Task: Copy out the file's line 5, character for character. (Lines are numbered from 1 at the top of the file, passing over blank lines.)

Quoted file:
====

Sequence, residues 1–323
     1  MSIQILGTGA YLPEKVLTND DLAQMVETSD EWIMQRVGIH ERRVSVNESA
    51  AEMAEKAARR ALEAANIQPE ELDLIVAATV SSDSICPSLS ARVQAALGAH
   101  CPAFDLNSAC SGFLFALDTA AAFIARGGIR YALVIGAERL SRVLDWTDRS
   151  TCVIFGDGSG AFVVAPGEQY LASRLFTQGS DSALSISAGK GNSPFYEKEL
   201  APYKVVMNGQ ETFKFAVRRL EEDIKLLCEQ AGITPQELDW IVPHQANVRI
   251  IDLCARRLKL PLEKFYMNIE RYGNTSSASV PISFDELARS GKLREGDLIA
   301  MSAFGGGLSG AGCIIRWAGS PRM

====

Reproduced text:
   151  TCVIFGDGSG AFVVAPGEQY LASRLFTQGS DSALSISAGK GNSPFYEKEL